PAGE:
Lola Bites Back: And Other Inspirational Tidbits

Location: Bissingen an der Teck, Baden Wuerttemberg, Germany

Laughing all the way...

Tuesday, May 26, 2009

Rajasthani snake charmers make a concert for us at the chai shop
(look closely to see the cobra!!)

Rajasthani women want to know how many babies I have.

Fresh fruits are the reason I know God exists.

Holy mango cart near holy Ganga.

On The Road Again..

Well, so much for settling down! ha ha haa hah hah haah haaaaaa!

Tomorrow morning I will board a creaky Indian bus to Delhi where I will collect my young cousin-sister, Cristina, from the airport. We'll spend one steamy, polluted night in Delhi before heading back to Rishikesh. I was hoping to ease her in with a semi-humane train ride, but as it's the height of the tourist season, it looks like she might have her first Bus Ride From Hell a bit sooner than planned. I guess it makes sense not to waste time, since she only stays for 25 days.

We'll spend a few days here in The Kesh so I can pack and store all my things before we head up the mountain. We have a nice company coming together for our first Yatra (holy pilgrimage); two Indian men and one famous Japanese guitar player. First it's the bus to Uttarkashi (6 hours) and from there we walk to Gangotri, approximately 150 km. From what I hear, we should clock about 30 km each day...but only God knows for sure.

From there it's only another 15 km to Gomukh, the origin of Ganga Ma!! Yatra mangalme ho!

. . .

Temperatures here in The Kesh are currently hovering around 40 C (100 F). Just yesterday I stepped out of the internet shop to discover the monsoon had arrived; lightning, thunder and sheets of falling rain had flooded the streets in a matter of minutes. Unprepared for flash flooding, I carried my shoes in a plastic bag and gritted my teeth as I waded through the murky waters. Taking cover under a plastic sheet, I made my way to the chai shop where I found a cow crumpled into a lifeless heap on the corner, flies crawling on it's huge black eyes.

Just ten minutes before, the power line above the corner had snapped and fallen, electrocuting the cow. Luckily, the cow had absorbed most of the current and no people were hurt. God works in mysterious ways, no?

An hour later I stood silent while six Indian men hoisted the cow's body up onto the back of a cart, pulling on its hind legs and using a thick bamboo stick for leverage. I gasped when the cow's head swung into the back of the cart with a heavy thud. Then, all in a day's work, they wheeled the body away to Ganga.

I looked up at the sky to see the sun peeking though the clouds. And I understood it was a bad idea to walk around in the pouring rain.

. . .

Back home I am nothing special, but here I am a magnet for the Indian men. Even the babas are making overtures. In the last weeks the "problem" has ballooned, and swamiji is fed up with my antics. Consensus is that I must retire to an ashram in the mountains for the solitude that is so necessary to fulfill my purpose here. So I will pack my things and say goodbye to The Kesh - a.k.a. Spiritual Disneyland. First it's a month of travelling/yatra adventure and from there it's anybody's guess..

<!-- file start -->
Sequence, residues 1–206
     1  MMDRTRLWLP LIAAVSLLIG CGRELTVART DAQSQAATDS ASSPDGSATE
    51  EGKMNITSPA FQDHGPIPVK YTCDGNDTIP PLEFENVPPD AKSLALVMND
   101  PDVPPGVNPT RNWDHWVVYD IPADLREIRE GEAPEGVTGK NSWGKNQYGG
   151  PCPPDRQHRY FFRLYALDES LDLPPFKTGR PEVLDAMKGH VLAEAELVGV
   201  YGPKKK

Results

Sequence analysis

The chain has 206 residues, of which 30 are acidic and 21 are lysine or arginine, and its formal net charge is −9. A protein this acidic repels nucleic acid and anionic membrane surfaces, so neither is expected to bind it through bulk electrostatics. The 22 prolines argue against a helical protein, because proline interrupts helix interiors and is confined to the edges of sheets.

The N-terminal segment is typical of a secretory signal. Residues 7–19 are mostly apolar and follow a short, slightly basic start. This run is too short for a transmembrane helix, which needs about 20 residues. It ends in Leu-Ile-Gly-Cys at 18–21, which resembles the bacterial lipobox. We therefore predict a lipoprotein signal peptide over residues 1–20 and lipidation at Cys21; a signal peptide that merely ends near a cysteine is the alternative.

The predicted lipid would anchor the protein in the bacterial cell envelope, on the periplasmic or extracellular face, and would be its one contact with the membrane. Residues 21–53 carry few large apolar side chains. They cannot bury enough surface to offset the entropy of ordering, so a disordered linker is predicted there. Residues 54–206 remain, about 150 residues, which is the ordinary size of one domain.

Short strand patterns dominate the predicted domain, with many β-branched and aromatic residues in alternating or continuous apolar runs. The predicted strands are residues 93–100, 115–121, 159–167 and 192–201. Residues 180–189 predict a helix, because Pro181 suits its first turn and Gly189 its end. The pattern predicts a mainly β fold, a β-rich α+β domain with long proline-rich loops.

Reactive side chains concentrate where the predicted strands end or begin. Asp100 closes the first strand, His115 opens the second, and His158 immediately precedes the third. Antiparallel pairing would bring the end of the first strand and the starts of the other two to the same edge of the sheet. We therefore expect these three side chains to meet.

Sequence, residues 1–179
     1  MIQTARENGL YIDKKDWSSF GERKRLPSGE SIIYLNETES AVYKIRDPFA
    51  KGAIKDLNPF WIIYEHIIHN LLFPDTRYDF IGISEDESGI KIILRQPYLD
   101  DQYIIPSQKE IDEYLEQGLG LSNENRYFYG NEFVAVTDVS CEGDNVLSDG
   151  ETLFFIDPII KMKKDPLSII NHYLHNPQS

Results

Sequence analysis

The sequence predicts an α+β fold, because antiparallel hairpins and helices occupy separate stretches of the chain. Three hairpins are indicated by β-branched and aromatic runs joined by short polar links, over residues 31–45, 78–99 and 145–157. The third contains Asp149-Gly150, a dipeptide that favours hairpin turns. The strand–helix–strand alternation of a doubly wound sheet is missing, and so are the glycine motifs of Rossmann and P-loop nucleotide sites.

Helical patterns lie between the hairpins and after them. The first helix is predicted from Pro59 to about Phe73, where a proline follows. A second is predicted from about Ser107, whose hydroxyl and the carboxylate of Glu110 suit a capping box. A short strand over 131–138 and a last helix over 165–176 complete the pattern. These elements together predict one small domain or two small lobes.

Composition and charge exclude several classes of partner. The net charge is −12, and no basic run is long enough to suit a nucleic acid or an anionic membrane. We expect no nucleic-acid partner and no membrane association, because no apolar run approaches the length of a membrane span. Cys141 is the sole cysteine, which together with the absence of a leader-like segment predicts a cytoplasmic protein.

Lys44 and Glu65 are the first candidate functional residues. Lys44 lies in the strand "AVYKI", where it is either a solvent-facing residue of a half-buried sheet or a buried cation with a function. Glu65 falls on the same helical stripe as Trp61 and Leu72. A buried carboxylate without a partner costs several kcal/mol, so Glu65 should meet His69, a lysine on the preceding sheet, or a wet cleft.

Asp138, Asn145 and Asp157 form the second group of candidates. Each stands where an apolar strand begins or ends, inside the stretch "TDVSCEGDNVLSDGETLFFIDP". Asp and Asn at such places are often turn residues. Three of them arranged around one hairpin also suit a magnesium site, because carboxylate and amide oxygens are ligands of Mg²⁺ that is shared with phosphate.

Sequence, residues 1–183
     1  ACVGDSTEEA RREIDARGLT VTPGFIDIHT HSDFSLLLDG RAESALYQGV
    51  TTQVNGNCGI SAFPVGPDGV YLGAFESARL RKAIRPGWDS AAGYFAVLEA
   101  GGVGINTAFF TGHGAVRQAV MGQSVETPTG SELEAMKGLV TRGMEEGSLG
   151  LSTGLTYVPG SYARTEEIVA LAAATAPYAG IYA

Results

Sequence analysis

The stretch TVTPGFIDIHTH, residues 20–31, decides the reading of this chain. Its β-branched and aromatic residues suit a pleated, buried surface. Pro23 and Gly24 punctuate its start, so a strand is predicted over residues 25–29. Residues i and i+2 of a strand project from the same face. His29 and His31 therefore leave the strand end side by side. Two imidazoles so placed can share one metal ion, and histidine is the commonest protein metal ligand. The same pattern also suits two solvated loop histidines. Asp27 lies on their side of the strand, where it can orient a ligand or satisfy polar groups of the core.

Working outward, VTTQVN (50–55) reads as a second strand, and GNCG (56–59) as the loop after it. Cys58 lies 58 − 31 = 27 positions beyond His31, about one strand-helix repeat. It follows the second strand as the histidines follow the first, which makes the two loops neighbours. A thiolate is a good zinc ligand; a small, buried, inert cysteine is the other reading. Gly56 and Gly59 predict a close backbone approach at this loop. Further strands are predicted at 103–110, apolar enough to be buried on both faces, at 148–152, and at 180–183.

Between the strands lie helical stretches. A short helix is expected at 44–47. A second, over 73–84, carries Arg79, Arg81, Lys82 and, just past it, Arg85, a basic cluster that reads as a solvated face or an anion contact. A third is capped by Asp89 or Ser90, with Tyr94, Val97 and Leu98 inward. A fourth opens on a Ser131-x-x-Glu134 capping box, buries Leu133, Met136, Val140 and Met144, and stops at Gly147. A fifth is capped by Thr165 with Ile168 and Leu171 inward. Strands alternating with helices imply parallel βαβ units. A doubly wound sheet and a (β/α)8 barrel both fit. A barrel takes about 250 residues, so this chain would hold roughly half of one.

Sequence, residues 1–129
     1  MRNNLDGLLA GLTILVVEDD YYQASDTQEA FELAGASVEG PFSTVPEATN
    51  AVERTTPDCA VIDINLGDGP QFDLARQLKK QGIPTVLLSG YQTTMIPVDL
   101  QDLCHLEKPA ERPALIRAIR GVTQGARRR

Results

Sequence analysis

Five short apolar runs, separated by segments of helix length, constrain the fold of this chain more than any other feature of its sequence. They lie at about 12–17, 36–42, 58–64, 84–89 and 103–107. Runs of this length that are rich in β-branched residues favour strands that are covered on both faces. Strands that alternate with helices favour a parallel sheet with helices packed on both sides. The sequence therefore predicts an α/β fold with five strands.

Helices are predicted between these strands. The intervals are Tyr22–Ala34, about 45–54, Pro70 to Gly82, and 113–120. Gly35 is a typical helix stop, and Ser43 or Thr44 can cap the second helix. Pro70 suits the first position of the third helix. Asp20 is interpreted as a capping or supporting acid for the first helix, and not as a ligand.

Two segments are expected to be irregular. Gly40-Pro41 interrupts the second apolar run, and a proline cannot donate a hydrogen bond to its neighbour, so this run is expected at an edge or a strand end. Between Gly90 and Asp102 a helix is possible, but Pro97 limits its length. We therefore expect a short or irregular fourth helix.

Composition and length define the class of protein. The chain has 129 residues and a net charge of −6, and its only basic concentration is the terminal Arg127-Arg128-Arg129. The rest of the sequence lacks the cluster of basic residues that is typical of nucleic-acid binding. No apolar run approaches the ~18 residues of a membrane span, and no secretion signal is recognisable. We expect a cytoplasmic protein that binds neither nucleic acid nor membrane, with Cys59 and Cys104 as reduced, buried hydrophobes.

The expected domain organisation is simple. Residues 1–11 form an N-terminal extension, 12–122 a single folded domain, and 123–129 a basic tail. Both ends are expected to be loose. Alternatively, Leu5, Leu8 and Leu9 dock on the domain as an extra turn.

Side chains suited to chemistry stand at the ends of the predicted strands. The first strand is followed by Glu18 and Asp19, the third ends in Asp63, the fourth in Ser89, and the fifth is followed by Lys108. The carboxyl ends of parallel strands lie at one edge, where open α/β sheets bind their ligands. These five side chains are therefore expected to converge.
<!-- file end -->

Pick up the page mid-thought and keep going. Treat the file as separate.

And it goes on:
Hari Om,


Come gather around people, wherever you roam
and admit that the waters around you have grown
and accept it that soon, you'll be drenched to the bone
if your time to you is worth saving...
then you better start swimming or you'll sink like a stone

-B. Dylan

Tuesday, May 19, 2009

Monkeys chillin' on my balcony.

Mama and bald baby monkey, chillin' on my neighbor's balcony.

Many many monkeys, chillin' on everyone's balcony.

I never tire of monkeys.

My second scorpion this year...they are maybe the scariest thing there is!!!!!

The Magical Saraswati River in Mana Gaon, near Tibetan border.

Maha Saraswati!!

Nepali-style transport.

India's Last Tea Shop! (L to R: Usha, Omar, Madukhar)

It's God! No, it's a mountain! No, it's God!

Lola likes Mana.

Rooftop view of Badrinath town and holy Alaknanda River.

God is Everywhere.

More Badrinath

Simply Magic.

Yatra Mangalme Ho!

Early Monday morning I awoke just before 4am to prepare myself for the 12 hours car ride to Badrinath, one of the four major pilgrimage sites in the mountains around Hrishikesh.

I woke up nautious and with a bloated stomach. Seems my bronchitis had subsided just in time for my first bout (this year) with traveller's diahrrea. Undeterred, I packed all the warm clothes I could find and crossed the bridge to meet
Omar and Usha, the Indian couple who so graciously invited me to accompany them on their journey.

Omar is a spiritual man (who isn't spiritual in Hrishikesh?!) who became a speedracer with a vendetta once we hit the road. Usha and I held our collective breath as he sped around the steep mountain corners at 70 km/h, honking incessantly and passing everything and anything that dared to take up space. Two hours into the journey I began vomiting.